Recognizing that extinction is irreversible, the United States did in 1973 what no country had done before, establishing what amounts to a bill of rights for animals and plants: The Endangered Species Act. The Act reflected the resolve of a society mature enough to guarantee a future not just for itself but for the rest of creation, even if difficult choices might be required.
More than forty years later, America continues to stand behind that guarantee.
According to a new national poll conducted in June 2015, 90% of American voters support the Act—impressive results in an era of partisan strife when it’s hard to get Americans to agree on anything:
In Support of the Endangered Species Act:
Support the Endangered Species Act.
Decisions on Species Protections:
Choose a science-based approach: Biologists, not Congress, should make decisions on which species should and should not be protected.
Growing The Economy:
Believe we can protect our natural heritage for future generations, while also growing our economy and creating jobs.
Since its creation, the Endangered Species Act has served as one of the world’s strongest, most effective wildlife protection laws.
Stemming the tide of extinctions is the most important indicator of the Endangered Species Act’s effectiveness. Four decades with the Act has demonstrated the importance of its legal safety net: The Endangered Species Act has been 99% effective.
Because of the Endangered Species Act, today’s children are able to experience not only bald eagles but also orcas, alligators, grizzly bears and myriad other creatures as living, breathing parts of our natural heritage—not as dusty museum specimens:
Did You Know?
Did You Know?
Did You Know?
Today, more than 2,000 species are protected under the Act.
However, like all laws, the Endangered Species Act is only words on paper—unless it is enforced.
In writing the law, the Congress of 1973 realized that, for this law to work, citizens needed to be able to go to court to uphold its provisions.
Earthjustice, born in the same era as the Endangered Species Act, has been at the forefront of efforts to ensure this critical statute is enforced and allowed to realize its visionary promise:
David Hinkel / U.S. Fish & Wildlife Service
Barry O'Neill / National Park Service
Dale Kolke / California Department of Water Resources
Neal Herbert / National Park Service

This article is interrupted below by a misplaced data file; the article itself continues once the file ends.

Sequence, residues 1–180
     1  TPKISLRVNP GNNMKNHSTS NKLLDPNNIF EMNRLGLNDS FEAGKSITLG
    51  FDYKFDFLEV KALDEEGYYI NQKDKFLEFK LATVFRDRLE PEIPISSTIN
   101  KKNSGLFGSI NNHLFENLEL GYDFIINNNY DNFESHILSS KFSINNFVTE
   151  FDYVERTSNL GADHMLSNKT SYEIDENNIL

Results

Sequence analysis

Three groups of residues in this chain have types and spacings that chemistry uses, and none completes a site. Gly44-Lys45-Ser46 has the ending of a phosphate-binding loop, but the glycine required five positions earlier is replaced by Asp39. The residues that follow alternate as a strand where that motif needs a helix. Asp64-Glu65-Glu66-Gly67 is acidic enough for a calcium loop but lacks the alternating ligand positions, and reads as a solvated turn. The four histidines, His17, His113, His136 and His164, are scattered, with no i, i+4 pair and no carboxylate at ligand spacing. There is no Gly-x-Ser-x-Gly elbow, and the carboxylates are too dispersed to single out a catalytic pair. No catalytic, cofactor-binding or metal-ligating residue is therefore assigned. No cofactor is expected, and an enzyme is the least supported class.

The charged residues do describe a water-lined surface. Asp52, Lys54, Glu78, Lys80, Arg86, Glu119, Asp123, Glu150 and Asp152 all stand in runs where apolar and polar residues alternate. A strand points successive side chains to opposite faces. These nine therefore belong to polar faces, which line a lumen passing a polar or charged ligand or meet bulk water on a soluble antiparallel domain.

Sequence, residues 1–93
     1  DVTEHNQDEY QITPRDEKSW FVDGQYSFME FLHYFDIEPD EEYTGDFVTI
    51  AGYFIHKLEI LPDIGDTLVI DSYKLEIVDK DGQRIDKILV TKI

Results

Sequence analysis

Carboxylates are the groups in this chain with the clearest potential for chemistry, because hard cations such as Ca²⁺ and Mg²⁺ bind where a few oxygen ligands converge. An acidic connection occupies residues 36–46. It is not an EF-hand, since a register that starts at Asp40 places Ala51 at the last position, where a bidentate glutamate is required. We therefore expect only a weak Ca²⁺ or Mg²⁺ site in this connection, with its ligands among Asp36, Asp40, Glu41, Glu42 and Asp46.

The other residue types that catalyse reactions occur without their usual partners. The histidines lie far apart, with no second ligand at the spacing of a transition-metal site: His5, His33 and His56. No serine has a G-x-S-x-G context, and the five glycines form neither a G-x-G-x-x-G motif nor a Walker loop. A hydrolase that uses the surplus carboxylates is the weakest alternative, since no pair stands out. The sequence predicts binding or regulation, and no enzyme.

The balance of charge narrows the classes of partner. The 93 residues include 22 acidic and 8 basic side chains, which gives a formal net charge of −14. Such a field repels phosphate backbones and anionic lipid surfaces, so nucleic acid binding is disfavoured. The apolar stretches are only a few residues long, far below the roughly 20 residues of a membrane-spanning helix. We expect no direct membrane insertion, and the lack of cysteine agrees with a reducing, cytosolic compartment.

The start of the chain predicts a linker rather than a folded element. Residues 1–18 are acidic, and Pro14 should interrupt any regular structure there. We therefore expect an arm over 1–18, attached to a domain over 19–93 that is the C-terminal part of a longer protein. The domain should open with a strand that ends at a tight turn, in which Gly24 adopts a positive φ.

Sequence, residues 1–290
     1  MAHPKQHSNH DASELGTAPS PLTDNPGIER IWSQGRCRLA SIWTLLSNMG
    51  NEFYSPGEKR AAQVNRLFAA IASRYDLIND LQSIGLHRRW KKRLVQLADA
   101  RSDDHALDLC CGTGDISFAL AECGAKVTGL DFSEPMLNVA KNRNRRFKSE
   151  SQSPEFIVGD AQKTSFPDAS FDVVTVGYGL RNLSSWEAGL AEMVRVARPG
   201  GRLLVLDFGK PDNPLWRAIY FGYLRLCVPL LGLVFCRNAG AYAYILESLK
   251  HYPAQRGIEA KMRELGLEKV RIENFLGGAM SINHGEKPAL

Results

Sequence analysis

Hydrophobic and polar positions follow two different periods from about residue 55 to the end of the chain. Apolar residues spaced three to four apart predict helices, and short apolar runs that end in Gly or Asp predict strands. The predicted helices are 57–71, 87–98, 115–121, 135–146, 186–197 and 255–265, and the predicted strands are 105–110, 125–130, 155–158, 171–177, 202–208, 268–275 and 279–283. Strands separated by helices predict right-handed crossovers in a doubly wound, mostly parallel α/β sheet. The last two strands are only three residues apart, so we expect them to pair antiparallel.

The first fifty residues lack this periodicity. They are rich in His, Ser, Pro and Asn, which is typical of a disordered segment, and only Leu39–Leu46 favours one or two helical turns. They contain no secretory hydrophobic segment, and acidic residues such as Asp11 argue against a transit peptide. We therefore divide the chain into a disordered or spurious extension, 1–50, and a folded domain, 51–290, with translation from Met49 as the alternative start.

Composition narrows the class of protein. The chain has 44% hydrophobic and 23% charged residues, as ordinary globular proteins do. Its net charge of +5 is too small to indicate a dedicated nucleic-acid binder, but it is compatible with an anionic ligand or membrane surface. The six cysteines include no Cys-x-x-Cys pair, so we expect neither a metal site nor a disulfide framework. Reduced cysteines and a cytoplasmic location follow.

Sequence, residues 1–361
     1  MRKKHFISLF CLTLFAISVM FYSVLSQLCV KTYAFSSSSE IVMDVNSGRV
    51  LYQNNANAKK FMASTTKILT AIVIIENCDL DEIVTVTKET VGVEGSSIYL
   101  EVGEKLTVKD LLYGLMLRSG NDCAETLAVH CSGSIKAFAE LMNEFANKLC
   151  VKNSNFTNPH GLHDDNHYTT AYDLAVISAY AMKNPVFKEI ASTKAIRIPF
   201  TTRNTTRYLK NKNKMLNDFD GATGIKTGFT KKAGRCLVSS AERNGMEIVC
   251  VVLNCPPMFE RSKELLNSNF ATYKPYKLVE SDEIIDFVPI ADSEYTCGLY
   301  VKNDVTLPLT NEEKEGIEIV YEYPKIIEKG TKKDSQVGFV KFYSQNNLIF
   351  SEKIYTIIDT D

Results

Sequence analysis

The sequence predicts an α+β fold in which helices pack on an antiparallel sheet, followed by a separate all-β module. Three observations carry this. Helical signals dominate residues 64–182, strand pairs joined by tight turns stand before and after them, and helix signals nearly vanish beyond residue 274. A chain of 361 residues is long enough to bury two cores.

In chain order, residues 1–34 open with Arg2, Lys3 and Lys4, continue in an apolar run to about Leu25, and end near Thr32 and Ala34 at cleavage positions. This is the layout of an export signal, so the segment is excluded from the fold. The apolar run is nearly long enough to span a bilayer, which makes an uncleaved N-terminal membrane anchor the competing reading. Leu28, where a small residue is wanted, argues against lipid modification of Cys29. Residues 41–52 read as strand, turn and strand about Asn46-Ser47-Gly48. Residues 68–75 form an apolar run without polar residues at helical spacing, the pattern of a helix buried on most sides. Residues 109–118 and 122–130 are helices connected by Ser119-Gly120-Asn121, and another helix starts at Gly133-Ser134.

Kevin Megown / U.S. Fish & Wildlife Service
Courtesy of Miles Ritter
Crew & Officers of NOAA Ship FAIRWEATHER
With the Endangered Species Act, Earthjustice has acted in the interest of hundreds of plants and animals to ensure their survival. But that is not all.
Sustaining endangered wildlife has meant cleaning up waterways, improving pesticide protections, and preserving wild places that provide a long-term, low-cost source of clean air and water and offer a quiet refuge in our increasingly noisy, crowded world.
Wild creatures need these things. And we do, too.
By preserving endangered species, we help to preserve ourselves.
But today, some politicians in Congress are out of step with the American public.
Inside the walls of the Capitol, legislative proposals put specific imperiled wildlife species on the chopping block—while others attack core provisions of the Endangered Species Act itself.
The Endangered Species Act must be defended. Will you remind Congress of your support for this visionary law?
A 3 Question Quiz:
How Well Do You Know The Endangered Species Act?
The Fish & Wildlife Service has primary responsibility for terrestrial and freshwater organisms, while the responsibilities of the National Marine Fisheries Service are mainly marine wildlife such as whales and anadromous fish, such as salmon.
The Council on Environmental Quality is part of the Executive Office of the President and coordinates federal environmental efforts, working with agencies and other White House offices to develop environmental policies and initiatives.
The American peregrine falcon was one of the first species protected under the Act. By 1975, there were only 324 known nesting pairs. With the Act's protections, the peregrine falcon recovered enough to graduate off the list of endangered species in 1999. Today, there are around 2,000–3,000 breeding pairs in North America.
Steller's sea cow, formerly abundant throughout the North Pacific, was extinct by 1768—within three decades of its discovery by Europeans. Its closest living relatives, the manatee and dugong, are both listed as Endangered today.
To quote the beginning of the Act: "The purposes of this Act are to provide a means whereby the ecosystems upon which endangered species and threatened species depend may be conserved [and] to provide a program for the conservation of such endangered species and threatened species …" (Read the full text.)
From June 25–29, 2015, Tulchin Research conducted a scientific survey online among a representative sample of 600 registered voters across the United States. The margin of error for this survey is +/- 4 percentage points. (Complete results.)